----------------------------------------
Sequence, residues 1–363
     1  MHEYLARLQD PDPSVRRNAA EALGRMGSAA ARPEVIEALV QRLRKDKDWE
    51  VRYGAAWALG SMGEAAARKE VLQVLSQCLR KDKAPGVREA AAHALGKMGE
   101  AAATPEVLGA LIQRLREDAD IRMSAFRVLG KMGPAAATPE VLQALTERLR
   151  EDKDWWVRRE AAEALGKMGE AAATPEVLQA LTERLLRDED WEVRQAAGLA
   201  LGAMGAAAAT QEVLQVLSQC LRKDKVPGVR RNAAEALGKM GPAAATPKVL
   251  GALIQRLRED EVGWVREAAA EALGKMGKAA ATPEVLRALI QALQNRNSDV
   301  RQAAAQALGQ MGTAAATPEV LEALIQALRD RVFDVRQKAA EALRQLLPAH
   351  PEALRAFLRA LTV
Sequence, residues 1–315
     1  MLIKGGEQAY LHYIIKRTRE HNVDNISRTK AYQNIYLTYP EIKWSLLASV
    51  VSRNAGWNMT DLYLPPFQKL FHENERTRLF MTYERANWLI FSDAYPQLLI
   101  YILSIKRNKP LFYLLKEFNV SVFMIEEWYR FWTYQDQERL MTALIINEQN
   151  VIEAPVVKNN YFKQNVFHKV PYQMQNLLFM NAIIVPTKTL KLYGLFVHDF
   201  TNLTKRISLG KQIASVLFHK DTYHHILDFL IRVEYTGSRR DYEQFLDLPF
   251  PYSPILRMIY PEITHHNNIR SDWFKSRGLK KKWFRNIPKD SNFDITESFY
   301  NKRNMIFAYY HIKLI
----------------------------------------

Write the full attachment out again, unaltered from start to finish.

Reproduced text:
Sequence, residues 1–363
     1  MHEYLARLQD PDPSVRRNAA EALGRMGSAA ARPEVIEALV QRLRKDKDWE
    51  VRYGAAWALG SMGEAAARKE VLQVLSQCLR KDKAPGVREA AAHALGKMGE
   101  AAATPEVLGA LIQRLREDAD IRMSAFRVLG KMGPAAATPE VLQALTERLR
   151  EDKDWWVRRE AAEALGKMGE AAATPEVLQA LTERLLRDED WEVRQAAGLA
   201  LGAMGAAAAT QEVLQVLSQC LRKDKVPGVR RNAAEALGKM GPAAATPKVL
   251  GALIQRLRED EVGWVREAAA EALGKMGKAA ATPEVLRALI QALQNRNSDV
   301  RQAAAQALGQ MGTAAATPEV LEALIQALRD RVFDVRQKAA EALRQLLPAH
   351  PEALRAFLRA LTV
Sequence, residues 1–315
     1  MLIKGGEQAY LHYIIKRTRE HNVDNISRTK AYQNIYLTYP EIKWSLLASV
    51  VSRNAGWNMT DLYLPPFQKL FHENERTRLF MTYERANWLI FSDAYPQLLI
   101  YILSIKRNKP LFYLLKEFNV SVFMIEEWYR FWTYQDQERL MTALIINEQN
   151  VIEAPVVKNN YFKQNVFHKV PYQMQNLLFM NAIIVPTKTL KLYGLFVHDF
   201  TNLTKRISLG KQIASVLFHK DTYHHILDFL IRVEYTGSRR DYEQFLDLPF
   251  PYSPILRMIY PEITHHNNIR SDWFKSRGLK KKWFRNIPKD SNFDITESFY
   301  NKRNMIFAYY HIKLI